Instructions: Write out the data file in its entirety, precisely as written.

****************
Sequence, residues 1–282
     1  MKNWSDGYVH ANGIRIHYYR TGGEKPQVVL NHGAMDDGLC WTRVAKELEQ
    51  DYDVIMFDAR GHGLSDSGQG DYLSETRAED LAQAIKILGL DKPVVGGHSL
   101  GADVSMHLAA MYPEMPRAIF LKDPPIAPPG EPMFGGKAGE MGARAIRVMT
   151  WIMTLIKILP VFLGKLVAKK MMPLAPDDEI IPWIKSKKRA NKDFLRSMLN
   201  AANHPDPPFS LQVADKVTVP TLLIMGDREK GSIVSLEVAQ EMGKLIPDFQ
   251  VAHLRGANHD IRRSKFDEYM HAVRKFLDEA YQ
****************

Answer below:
Sequence, residues 1–282
     1  MKNWSDGYVH ANGIRIHYYR TGGEKPQVVL NHGAMDDGLC WTRVAKELEQ
    51  DYDVIMFDAR GHGLSDSGQG DYLSETRAED LAQAIKILGL DKPVVGGHSL
   101  GADVSMHLAA MYPEMPRAIF LKDPPIAPPG EPMFGGKAGE MGARAIRVMT
   151  WIMTLIKILP VFLGKLVAKK MMPLAPDDEI IPWIKSKKRA NKDFLRSMLN
   201  AANHPDPPFS LQVADKVTVP TLLIMGDREK GSIVSLEVAQ EMGKLIPDFQ
   251  VAHLRGANHD IRRSKFDEYM HAVRKFLDEA YQ